By Rachel Miller Jacobs, D.Min., Associate Professor of Congregational Formation and Director of Worship
Each year in the Christian Worship: Theory and Practice class, we spend a couple of weeks on rituals. What I call “classic” rituals are the ones most people are familiar with: baptism, communion, weddings, and funerals. Yet these classic rituals, while important, don’t exhaust the need for ritual action in our lives. So I also ask students to create new rituals that emerge at the intersection of a biblical text and powerful emotions: either negative events, painful feelings, or disturbing experiences that are lingering in the shadows and need release; or positive events, exciting feelings, or energizing experiences that need acknowledgment, blessing, and empowerment. Sometimes new rituals are used only once; sometimes they have a resonance that invites us to return to them several times or to share them with others.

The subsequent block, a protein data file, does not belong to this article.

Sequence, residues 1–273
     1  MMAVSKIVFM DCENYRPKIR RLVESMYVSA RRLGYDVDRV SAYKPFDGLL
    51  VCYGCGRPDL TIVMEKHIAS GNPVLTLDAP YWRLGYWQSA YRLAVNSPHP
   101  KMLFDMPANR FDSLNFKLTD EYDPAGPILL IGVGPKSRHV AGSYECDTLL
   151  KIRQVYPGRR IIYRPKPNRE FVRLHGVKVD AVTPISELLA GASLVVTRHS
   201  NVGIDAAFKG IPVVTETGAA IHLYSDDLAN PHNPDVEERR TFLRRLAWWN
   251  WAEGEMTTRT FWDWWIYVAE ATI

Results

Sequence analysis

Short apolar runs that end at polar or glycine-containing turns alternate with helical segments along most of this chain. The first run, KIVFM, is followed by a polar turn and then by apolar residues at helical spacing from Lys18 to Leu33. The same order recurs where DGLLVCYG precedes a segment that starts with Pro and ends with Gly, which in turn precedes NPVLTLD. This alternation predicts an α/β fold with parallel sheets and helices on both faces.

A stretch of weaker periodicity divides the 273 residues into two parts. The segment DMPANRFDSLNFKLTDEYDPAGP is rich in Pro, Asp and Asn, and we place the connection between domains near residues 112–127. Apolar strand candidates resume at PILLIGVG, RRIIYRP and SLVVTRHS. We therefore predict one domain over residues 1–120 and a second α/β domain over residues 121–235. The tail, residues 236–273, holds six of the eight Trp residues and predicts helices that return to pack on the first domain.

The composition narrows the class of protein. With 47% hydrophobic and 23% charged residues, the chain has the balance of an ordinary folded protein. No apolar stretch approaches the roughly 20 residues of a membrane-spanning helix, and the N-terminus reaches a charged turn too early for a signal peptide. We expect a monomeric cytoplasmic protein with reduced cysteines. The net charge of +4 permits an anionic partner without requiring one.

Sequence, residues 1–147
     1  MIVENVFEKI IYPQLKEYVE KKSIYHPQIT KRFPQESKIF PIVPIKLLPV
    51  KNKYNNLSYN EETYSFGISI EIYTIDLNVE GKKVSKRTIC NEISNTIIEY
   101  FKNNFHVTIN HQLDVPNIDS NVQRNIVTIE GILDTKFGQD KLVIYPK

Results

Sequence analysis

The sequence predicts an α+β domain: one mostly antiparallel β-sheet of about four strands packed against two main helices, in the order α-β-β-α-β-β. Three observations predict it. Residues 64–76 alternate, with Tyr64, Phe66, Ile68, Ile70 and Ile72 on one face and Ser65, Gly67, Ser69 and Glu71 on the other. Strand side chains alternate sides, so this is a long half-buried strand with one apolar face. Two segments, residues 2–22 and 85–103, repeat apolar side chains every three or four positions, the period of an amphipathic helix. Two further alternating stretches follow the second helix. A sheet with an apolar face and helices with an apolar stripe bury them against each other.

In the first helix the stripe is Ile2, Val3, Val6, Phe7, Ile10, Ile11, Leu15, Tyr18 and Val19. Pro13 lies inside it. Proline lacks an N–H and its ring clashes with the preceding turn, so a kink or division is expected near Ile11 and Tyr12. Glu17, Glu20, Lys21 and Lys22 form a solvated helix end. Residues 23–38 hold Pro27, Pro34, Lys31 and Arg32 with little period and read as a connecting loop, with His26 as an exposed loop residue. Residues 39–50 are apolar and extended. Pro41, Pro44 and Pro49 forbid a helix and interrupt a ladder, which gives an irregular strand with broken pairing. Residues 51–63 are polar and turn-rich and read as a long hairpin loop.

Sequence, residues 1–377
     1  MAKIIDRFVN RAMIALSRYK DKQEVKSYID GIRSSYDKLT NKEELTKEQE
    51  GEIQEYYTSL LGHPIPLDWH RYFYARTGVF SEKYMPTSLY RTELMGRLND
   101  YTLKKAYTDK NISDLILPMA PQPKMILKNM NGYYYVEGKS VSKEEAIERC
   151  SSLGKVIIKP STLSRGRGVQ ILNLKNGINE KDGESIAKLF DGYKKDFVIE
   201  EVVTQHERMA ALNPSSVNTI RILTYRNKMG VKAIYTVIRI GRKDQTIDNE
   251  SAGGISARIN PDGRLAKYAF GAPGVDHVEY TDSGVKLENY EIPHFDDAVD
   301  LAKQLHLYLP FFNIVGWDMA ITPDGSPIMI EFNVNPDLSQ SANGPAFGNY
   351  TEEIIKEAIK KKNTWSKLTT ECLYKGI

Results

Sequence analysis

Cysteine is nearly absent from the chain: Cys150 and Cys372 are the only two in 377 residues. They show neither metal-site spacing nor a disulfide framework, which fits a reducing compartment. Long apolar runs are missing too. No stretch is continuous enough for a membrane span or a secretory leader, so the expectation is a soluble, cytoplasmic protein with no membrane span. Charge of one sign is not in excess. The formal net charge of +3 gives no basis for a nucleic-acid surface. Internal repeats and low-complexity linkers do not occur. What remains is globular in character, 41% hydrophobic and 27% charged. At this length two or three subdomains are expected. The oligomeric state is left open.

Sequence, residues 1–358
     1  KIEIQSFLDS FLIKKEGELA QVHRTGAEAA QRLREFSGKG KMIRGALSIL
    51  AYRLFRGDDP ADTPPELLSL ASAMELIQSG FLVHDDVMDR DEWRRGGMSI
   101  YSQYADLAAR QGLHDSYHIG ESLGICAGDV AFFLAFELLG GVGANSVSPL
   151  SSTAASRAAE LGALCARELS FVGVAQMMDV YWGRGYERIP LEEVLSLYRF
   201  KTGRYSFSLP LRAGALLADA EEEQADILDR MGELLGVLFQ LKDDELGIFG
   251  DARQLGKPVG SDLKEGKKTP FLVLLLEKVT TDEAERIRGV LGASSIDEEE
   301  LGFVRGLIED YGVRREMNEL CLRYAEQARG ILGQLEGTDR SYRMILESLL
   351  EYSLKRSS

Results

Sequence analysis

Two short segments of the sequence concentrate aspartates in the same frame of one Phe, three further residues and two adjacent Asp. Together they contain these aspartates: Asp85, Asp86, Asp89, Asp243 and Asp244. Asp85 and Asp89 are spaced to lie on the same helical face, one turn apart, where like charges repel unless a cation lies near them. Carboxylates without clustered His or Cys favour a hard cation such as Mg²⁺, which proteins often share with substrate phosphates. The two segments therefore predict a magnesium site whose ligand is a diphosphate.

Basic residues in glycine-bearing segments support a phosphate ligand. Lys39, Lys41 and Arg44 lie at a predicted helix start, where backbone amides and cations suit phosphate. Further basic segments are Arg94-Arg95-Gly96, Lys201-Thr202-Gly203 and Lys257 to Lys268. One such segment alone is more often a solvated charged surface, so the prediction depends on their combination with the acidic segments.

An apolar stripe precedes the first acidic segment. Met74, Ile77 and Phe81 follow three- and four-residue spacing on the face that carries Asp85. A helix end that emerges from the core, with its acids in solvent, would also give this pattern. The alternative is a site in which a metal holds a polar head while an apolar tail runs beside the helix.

As part of their work in this year’s class, students created new rituals for a variety of situations: for speaking a lament during a counseling session, for remembering family members who had died in the last year, for naming and releasing fears, for reconciling after congregational conflict, for regathering in a particular church building, and for welcoming all to worship in a diverse gathering.
Two rituals that students created were both general (not tied to a particular community) and specific to this moment (for them) in the COVID-19 pandemic: eating indoors with people from other households for the first time since the pandemic began, and reopening a building shuttered since the beginning of the pandemic. These are the ones we are sharing for your use here — recognizing that depending on one’s context, people may not yet be ready for these rituals or may have passed the time when they needed them.
- Flower planting to mark the reopening of a building after COVID-19 | Based on Luke 24:1-12 and written by Alaina Dobkowski, a student from Grand Rapids, Michigan, United States.
- Eating together again | Based on Luke 24:13-35 and written by Lisa Heinrichs, a student from Hope, British Columbia, Canada.
If you choose to use these rituals, we ask that you please give credit to the authors.